As I watched the terrific new movie Moneyball (see review on the Arts page), I flashed back to my childhood and learned hatred for the New York Yankees. It wasn’t just that I was born in Brooklyn, where the Dodgers (followed by the Mets) were the local “people’s cherse.” It was what I learned from my father and virtually every other dad on my working class block: the Yankees were the bullies, the monied corporate entity, the team that, despite playing in liberal NYC, were one of the last teams in baseball to hire a black ballplayer, nearly a full decade after the Dodgers signed Jackie Robinson.
In short, I learned the Yankees were the cold-blooded “Republican team”, while our National League representative (Dodgers, and Mets) were the Democratic team of the people. My dad always reminded me that until the Dodgers moved to L.A., first baseman Gil Hodges lived about five blocks from our home, with his wife often seen at the local Waldbaum’s supermarket. No Yankees lived among their fans in the Bronx. They were the enemy!
Today it’s different, with a Yankee team dominated by minority stars and nearly all my friends and my brother fervent fans of the Yanks. But to this day I can’t put my heart into rooting for them.
And Moneyball reminded me why. How do you root for the team with the unfair advantage? Baseball is the only major sport without a salary cap, and if the Yankees don’t make the playoffs one year (they’ve made 17 of 18!), they just go out and pilfer the best players in baseball from small market teams that can’t afford them.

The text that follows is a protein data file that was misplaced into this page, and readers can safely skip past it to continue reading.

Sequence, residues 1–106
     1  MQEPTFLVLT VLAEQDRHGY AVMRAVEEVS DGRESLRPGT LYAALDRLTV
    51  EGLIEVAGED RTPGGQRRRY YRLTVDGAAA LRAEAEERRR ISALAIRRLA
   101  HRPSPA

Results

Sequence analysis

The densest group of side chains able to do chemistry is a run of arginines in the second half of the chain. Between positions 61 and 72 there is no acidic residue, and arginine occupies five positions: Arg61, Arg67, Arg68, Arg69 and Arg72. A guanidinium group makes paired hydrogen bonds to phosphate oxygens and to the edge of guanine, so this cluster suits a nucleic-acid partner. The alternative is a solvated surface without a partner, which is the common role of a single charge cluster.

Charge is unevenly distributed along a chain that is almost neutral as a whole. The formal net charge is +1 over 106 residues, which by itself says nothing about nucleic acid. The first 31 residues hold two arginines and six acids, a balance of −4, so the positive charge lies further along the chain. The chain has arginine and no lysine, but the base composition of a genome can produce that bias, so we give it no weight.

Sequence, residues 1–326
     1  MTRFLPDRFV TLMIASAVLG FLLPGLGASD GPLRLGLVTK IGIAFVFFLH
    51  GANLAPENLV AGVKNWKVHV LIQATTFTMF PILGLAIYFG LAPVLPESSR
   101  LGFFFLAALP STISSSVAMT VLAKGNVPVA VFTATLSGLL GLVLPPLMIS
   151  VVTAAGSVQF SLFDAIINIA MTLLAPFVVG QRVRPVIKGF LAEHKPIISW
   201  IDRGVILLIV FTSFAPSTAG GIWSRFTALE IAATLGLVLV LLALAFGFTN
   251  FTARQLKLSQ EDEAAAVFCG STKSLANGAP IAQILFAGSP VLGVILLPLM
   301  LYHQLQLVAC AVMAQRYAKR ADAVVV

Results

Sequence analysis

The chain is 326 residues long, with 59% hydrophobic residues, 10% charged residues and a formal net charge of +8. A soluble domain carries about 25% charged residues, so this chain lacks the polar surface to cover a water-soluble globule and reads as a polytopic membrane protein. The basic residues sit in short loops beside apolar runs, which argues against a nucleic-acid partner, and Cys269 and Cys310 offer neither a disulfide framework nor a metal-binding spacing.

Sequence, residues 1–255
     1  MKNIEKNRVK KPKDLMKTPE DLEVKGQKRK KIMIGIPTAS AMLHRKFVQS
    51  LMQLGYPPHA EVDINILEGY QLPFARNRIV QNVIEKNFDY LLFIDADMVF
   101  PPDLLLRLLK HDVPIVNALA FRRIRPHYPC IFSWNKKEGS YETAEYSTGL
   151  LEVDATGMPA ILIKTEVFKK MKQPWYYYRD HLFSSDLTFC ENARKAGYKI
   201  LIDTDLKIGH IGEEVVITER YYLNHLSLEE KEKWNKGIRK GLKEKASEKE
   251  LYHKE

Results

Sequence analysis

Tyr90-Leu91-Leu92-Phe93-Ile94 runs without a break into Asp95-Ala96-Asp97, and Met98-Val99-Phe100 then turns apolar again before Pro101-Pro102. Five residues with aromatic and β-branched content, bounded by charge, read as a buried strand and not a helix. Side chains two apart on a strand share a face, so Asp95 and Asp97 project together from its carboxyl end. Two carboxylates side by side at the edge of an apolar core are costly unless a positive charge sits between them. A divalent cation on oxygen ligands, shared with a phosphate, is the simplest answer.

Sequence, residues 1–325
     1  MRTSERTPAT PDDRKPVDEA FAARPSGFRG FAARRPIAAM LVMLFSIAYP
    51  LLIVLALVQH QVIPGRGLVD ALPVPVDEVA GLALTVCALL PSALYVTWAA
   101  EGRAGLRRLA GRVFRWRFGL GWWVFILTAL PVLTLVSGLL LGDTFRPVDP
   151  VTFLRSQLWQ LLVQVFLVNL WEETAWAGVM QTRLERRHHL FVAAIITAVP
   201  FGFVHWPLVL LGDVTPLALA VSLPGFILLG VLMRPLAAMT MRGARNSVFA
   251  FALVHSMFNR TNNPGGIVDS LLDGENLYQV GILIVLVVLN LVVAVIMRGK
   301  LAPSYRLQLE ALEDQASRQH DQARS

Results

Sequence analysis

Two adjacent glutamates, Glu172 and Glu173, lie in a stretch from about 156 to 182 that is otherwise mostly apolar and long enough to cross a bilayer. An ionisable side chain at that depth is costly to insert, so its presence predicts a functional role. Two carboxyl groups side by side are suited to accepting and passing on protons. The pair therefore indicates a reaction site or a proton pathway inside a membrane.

The Yankees are often called “The Evil Empire” by fans in other cities, and if I didn’t live here I’d probably be saying the same. When I attended a Yankee game earlier this year I bought a hot dog, then sat in a chair in front of the food stand to gobble it down before going to my seat on the second level. A security person immediately scrambled over to me and checked my ticket. Why was I sitting there?
Uh, it’s a public dining space? Not for you pal! These are for box seat fans only. How dare you think you can eat your frank among these hedge fund elite! Avert your eyes, peasant!
And that’s the last Yankee game I’ll be attending for a while. I’ll have to get my baseball fix from the (gulp) Mets, who are owned by a family that can’t pay its players not because they are in a small market, but because they hooked up with Bernie Madoff and are being sued by the government for over $300 million dollars.
The good news is the baseball side of the Mets is being run by Sandy Alderson and Paul DePodestra, two guys who were involved in the original “Moneyball” sabermetrics revolution in Oakland. (The Peter Brand character in the film is based on DePodestra). Despite a mediocre team and countless injuries, the Mets hung in there most of the year. And Met fans, the type of people who still believe that rooting for the underdog is noble, are putting their faith in these two enlightened thinkers.
Rooting for the underdog. Quaint, huh? Are you old enough to remember when that was the American ideal? Because whether in “Moneyball” or politics, it has always come down to two choices: using money and power to bludgeon people (even if you lucked into wealth) versus a level playing field and a sense of what’s right and fair.
I never understood how one could root for the neighborhood bully. But after watching the Republican debates, where some in the audience cheered for the idea of a man dying because he couldn’t afford health insurance while booing a gay American soldier, I realize why this movie struck such a deep chord in me.
(For more on Moneyball, click the Arts and Sports pages)